Considering a Career in Anthropology and Archeology?
Are you interested in human history? Do you wonder where we came from and how we got here? If so, you might want to consider a career in either archaeology or anthropology. This article will give a detailed look at these career fields and help you decide if one of them is right for you.
Anthropologists study the origin of and cultural, social, and physical development of humans. They look at the traditions, values, beliefs, and possessions of people and societies throughout the world and create hypothesis based on their research. They typically specialize in physical anthropology, cultural anthropology, archaeology, or linguistics.
Cultural anthropologists study the customs and behavior of a community's citizens. They evaluate various aspects of a society's lifestyle, including its religion, music, and how they take care of their senior citizens or elders. They gather information and attempt to make conclusions about a society's ways of life.
Physical anthropologists study the physical development of the human species. They examine how heredity and environment influence the structure of the human body. Some Physical anthropologists study the spatial distribution and trends of the physical characteristics of humans around the globe.
Linguistic anthropologists analyze the evolution of languages and the relationships between different languages. They attempt to explain how a community's language relates to the ways a society's citizens act and think.
Archeologists, on the other hand, attempt to discover the history, living habits, and customs of earlier human civilizations. They document, analyze, and interpret homes, clothing, tools, and art from ancient human civilizations. Archeologists often excavate objects from the ground and are sometimes asked to perform surveys when ground will be disturbed during digging projects. They work in labs, in the field, and in the classroom.
"In an essence, Archeologists gain knowledge of the past by studying materials representative of cultural groups across space and through time."~Ancient Digger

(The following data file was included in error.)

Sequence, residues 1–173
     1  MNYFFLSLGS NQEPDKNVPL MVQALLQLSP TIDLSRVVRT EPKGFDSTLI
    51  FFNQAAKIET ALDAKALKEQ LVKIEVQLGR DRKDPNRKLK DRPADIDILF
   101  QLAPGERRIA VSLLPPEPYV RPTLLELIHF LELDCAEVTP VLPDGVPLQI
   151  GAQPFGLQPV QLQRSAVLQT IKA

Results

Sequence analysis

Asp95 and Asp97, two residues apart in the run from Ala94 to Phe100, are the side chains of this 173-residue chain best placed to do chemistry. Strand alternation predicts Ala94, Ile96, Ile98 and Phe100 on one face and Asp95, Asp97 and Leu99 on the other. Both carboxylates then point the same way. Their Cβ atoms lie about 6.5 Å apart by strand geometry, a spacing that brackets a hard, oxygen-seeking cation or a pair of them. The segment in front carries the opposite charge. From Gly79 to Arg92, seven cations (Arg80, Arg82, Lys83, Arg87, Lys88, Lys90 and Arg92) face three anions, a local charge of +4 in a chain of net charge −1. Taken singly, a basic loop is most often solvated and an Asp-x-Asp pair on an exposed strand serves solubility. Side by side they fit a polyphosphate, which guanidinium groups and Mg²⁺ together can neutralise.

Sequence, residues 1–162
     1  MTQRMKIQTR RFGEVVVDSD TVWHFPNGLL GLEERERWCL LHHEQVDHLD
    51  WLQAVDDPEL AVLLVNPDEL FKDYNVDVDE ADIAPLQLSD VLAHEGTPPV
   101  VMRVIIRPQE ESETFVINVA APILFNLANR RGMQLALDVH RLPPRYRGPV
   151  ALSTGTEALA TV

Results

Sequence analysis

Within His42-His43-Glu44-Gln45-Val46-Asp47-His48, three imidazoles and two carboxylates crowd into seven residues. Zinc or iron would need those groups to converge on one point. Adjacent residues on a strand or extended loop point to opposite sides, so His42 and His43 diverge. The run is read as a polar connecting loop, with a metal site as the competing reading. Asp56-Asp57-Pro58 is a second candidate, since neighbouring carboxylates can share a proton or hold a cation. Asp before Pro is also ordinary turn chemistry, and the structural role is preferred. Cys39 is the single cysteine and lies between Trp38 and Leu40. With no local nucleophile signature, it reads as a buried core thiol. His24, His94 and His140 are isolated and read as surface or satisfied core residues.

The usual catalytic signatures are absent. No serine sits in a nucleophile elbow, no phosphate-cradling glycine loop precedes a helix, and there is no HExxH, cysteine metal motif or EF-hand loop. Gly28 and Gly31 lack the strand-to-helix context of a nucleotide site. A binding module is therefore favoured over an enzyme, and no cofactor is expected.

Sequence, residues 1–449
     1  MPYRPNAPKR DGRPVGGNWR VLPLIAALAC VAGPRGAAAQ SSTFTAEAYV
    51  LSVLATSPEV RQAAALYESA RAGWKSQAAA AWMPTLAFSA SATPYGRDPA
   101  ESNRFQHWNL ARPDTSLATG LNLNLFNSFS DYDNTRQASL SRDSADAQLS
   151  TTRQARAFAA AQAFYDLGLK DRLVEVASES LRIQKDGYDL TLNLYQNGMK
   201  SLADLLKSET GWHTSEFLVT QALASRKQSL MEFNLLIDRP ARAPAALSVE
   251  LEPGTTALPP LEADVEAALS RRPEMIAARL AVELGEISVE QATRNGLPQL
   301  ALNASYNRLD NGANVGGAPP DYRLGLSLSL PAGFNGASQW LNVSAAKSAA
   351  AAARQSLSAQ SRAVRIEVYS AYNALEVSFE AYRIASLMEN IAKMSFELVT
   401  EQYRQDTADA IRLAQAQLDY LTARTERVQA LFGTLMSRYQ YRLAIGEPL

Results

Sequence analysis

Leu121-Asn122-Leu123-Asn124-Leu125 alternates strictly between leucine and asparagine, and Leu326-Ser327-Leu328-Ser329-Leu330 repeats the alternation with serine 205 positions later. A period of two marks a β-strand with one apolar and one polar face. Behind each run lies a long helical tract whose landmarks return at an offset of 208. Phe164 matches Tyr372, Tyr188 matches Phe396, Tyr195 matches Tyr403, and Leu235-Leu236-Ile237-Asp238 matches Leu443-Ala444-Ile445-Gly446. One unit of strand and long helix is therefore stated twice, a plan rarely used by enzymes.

Responsibilities of Anthropologists and Archeologists
- Develop and test theories regarding the origin and development of cultures from the past
- Gather information and make judgments through interviews, observations, and by evaluating documents and papers
- Compare findings among different sites to learn the similarities and differences between different people or different eras
- Describe the physical properties of artifacts
- Write, publish and present reports
- Evaluate objects and structures and identify, date, and authenticate objects and interpret their significance
- Write about research findings
- Construct and test data gathering methods
Anthropologists and Archaeologists work in the field, in classroom settings, in laboratories, and in museums. Some jobs in anthropology require travel and being away from home for long periods of time.
The employment growth for anthropologists and archaeologists is projected to be much faster than the average for all occupations from 2008 to 2018. The median annual earnings in 2008 for anthropologists and archeologists was $53,910.
According to Payscale.com, the medium income for anthropologists in 2010 was 48,167 and archaeologists made $41,565. These numbers largely depend on the venue in which you are employed. Research and government work tend to pay a bit more. Consequently, the higher the degree the more the pay. These numbers reflect BA degrees in the field.
Education, Certification, and Licensing
A bachelor's degree in archaeology or anthropology is the minimum requirement for a job in either field. However, many employers prefer candidates that have a master's degree or a Ph.D. Many teaching positions in colleges and universities require a Ph.D.
Useful Online Resources
- American Anthropological Association
- The Society for Applied Anthropology
- Archaeological Institute of America
- Society For American Archaeology
Major Employers of Anthropologists and Archeologists
The major employers are colleges, universities, museums, and government agencies.
This has been a lot of information about these exciting career fields, so let's hope it isn't too overwhelming! It should give you a solid foundation if you are considering pursuing one of these careers, so if you are, be sure to keep this information in mind.
Brian Jenkins is an expert on a number of career fields and writes feature articles for BrainTrack.